There they are in their powder blue uniforms. No one to meet them. Lost souls in a strange country. Egyptians in Israel.
It’s one of the first scenes in Eran Kolirin’s “The Band’s Visit,” an irresistibly delightful Israeli comedy that comes to us in a minor key. Its understated comedic approach does not smack us around with slapstick crescendos or dominant major chords. Rather, it pleasantly sneaks up on us with clever, offhand revelations and images that stay with us.
The visitors are members of the Alexandria Ceremonial Police Orchestra. Led by Tewfiq, an ultra-serious, middle-aged, mustachioed musician played by Israeli actor Sasson Gabai, the band has arrived in the wrong town. There, they are informed there is “no Arab culture, no Israeli culture. Nothing.”
Intent on maintaining reserve as well as personal and national dignity, Tewfiq confronts each little roadblock with unshakable composure. His disposition serves as a kind of sounding board for the film’s muted humor that at times resembles that which we find in a Gogol farce.
One of Tewfiq’s irritants is Haled, his own band member, who is more intent on picking up a girl than playing in tune. When he meets a potential conquest, his first question is invariably whether she knows jazz trumpeter Chet Baker. Later, he will serenade his guests with his version of one of Baker’s signature songs, “My Funny Valentine.”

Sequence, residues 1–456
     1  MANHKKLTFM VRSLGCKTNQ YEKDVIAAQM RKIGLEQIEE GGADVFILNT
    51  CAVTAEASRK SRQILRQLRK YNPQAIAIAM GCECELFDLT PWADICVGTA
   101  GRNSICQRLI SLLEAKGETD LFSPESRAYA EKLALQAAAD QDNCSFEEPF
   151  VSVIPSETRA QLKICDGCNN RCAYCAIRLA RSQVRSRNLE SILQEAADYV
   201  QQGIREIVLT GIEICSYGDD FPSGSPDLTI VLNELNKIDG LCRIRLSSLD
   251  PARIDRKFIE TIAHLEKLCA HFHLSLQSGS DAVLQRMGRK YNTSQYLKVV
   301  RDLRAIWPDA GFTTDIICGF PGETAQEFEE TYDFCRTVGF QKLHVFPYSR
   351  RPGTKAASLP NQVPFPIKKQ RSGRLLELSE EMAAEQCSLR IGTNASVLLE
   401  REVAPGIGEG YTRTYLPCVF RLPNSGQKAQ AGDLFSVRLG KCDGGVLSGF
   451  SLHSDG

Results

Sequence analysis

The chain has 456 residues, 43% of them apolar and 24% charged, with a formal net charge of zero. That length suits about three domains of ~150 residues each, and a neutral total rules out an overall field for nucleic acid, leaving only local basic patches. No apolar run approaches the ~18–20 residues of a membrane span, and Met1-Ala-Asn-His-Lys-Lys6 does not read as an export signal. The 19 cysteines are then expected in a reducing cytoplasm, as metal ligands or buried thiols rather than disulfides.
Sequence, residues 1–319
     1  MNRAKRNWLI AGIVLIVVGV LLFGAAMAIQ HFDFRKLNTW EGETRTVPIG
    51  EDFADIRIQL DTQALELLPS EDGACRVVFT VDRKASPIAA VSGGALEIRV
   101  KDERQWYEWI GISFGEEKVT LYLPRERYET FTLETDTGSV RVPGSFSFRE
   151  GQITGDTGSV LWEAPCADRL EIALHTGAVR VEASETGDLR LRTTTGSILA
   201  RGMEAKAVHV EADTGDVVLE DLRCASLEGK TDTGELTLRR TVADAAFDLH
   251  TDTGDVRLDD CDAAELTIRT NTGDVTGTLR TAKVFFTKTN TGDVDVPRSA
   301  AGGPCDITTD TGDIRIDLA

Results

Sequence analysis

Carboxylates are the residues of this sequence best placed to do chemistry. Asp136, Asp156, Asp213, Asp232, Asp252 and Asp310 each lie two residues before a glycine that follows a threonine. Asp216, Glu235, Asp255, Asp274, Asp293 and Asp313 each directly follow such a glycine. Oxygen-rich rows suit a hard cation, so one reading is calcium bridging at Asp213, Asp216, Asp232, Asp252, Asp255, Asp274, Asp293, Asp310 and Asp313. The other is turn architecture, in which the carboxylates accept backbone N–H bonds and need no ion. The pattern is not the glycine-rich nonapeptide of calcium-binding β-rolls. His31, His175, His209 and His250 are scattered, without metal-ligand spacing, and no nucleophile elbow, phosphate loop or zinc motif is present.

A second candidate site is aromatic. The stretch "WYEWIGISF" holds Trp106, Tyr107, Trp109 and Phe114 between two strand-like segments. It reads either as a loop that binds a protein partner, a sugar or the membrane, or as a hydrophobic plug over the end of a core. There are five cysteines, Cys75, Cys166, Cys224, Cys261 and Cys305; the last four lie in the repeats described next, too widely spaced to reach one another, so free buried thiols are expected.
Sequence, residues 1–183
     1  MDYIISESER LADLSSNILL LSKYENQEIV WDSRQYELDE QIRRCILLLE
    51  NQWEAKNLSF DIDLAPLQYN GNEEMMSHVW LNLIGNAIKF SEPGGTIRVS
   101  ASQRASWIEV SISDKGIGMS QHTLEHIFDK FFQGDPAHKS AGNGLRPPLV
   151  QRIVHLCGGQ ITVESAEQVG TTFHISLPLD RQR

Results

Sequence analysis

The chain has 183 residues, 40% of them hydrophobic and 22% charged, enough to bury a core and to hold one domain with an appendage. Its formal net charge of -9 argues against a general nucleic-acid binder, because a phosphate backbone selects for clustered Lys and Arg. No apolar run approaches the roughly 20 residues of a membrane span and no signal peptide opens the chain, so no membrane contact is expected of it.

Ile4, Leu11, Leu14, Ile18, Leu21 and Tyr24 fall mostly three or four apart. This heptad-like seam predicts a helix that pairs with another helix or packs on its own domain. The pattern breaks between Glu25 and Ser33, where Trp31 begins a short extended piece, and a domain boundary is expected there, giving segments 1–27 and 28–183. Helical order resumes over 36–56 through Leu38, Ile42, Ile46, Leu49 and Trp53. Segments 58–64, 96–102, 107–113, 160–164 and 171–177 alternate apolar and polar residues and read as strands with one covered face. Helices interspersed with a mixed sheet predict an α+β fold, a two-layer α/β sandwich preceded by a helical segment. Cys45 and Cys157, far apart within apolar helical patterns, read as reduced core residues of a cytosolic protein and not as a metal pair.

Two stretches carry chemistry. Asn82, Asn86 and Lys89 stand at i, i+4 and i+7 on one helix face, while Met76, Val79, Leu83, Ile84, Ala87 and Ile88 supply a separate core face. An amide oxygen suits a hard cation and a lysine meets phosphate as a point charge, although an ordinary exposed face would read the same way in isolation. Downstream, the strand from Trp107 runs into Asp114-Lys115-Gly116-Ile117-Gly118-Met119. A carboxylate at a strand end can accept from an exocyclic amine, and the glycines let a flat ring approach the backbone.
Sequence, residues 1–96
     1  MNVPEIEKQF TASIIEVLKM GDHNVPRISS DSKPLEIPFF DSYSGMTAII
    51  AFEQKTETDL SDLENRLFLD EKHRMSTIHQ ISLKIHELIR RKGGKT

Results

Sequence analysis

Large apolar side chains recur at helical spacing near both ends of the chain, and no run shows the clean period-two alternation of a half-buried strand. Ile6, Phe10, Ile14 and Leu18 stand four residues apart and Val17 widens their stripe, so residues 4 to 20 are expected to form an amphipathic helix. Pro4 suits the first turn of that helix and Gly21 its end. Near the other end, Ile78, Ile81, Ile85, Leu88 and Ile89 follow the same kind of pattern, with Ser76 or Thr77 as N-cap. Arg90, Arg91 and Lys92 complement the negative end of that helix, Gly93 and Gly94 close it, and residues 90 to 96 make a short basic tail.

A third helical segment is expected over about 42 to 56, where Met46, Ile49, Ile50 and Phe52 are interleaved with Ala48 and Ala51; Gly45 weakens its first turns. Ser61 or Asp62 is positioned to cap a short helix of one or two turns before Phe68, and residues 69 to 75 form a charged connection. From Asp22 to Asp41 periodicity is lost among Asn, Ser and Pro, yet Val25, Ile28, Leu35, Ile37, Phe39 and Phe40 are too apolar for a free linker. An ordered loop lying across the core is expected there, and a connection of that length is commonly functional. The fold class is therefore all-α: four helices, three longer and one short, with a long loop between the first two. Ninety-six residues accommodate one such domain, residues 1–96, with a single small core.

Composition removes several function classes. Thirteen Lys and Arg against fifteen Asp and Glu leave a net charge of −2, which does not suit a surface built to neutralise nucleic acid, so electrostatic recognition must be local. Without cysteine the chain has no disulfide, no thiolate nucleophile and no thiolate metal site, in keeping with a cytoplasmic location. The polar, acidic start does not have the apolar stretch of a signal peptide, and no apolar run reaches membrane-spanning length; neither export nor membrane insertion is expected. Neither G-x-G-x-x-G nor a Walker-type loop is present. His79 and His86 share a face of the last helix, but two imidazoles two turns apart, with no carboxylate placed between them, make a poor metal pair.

’The Band’s Visit’
WRITTEN AND DIRECTED BY Eran Kolirin
STARRING Sasson Gabai, Ronit Elkabetz and Saleh Bakri
RUNNING TIME: 89 minutes
The setting is a perfect one to highlight the movie’s major concept, which is that when they meet as fellow human beings in a friendly, unimposing setting, people will get along, even if their countries are supposed to be mortal enemies.
The most endearing relationship is between Tewfiq and Dina, played by Israeli legend Ronit Elkabetz. Brash, feisty and a bit loose, Dina has a heart of gold. As dusk rolls into night, it’s apparent that Dina and Tewfiq are soul partners. Finally, he opens up. Kolirin handles this part of the film with tender wisdom and without one false note.
Among other incidental pleasures are scenes in which, for instance, Haled teaches an Israeli bumbler some approaches to romance. Again, no nationality issues or chauvinistic attitudes get in the way, proving that even conventional themes seem new when handled with delicate and mature art. Remove the political and religious obstacles and we can all embrace with warmth those we are trained to hate.
“The Band’s Visit” could and should have been a surefire Oscar contender for Best Foreign Film. But it was eliminated because the Egyptians and Israelis speak a neutral language — English, subtitled just in case some viewers have a problem with accents.
Even without the coveted Oscar pedigree, this modest comedy has to be the most delightful and enjoyable movie now playing in local theaters.